Coherence is a term used to describe the degree of correlation between the direction of moving objects. In displays containing many moving dots, zero percent coherence means all of the dots are moving independently; 100 percent coherence means all of the dots are moving in the same direction.

It is the degree to which different parts of a text are connected to one another. Coherence exists at both local and global levels of discourse. The property of a story that pertains to how the events of the story are related to each other. In a coherent story, the events in sequence are related to each other in a meaningful way.

Related Articles

Global structure/Macrostructure at■■■■
Global structure/Macrostructure: Global structure/Macrostructure is defined as the global coherence relationships . . . Read More
Local structure/Microstructure at■■■■
Local structure/Microstructure: Local structure/Microstructure is defined as the local coherence relationships . . . Read More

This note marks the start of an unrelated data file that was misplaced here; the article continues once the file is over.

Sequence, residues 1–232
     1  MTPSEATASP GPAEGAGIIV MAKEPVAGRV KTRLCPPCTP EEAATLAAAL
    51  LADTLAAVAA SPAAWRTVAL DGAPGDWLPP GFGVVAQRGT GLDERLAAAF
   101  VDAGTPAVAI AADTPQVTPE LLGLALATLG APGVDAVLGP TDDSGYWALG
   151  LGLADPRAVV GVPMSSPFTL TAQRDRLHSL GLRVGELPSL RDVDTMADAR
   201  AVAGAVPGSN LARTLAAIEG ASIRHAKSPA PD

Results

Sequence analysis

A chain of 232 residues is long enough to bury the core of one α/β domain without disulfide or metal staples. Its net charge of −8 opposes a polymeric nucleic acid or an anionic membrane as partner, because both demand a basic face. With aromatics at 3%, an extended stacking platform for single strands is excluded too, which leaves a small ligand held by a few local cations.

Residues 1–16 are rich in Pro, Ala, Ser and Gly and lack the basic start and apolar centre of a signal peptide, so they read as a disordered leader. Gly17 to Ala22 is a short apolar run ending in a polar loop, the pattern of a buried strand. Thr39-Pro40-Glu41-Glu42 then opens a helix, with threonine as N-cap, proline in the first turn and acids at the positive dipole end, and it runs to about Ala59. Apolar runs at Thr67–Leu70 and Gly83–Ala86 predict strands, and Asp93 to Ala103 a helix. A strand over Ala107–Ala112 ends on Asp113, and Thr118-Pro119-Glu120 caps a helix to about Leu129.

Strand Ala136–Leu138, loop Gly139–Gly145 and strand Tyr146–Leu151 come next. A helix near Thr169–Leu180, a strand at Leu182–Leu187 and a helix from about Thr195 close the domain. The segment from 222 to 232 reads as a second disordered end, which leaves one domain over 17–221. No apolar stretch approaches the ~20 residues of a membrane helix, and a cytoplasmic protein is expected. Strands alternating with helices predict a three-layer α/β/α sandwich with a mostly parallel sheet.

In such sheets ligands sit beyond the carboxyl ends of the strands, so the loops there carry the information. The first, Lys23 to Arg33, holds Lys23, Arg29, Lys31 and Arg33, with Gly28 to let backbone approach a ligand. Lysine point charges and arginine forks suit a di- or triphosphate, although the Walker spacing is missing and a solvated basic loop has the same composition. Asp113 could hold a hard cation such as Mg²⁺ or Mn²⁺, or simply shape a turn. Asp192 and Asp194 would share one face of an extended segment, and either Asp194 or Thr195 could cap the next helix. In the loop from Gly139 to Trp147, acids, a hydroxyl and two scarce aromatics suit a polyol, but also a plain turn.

Intercoder reliability at■■■■
Intercoder reliability: Intercoder reliability refers to the term in content analysis that refers to . . . Read More
Precision at■■■■
A precision is the degree to which replicate measurements of the same attribute agree or are exact; - . . . Read More
Negative Explanatory Style at■■■■
Negative Explanatory Style: Negative Explanatory Style refers to negative way to explain the events in . . . Read More
Categorization at■■■■
Categorization: Categorization refers to a Brunerian concept referring to the process of identifying . . . Read More
Interval scale at■■■■
Interval scale: Interval scale refers to a measurement scale that possess the properties of difference . . . Read More
Life story at■■■■
Life story: Life story is defined as a personal narrative that organizes past events into a coherent . . . Read More
Central coherence at■■■
central coherence: central coherence refers to the strong tendency of humans to interpret stimuli in . . . Read More
Discriminability at■■■
Discriminability: Discriminability is generally defined as the ability to distinguish between one stimulus . . . Read More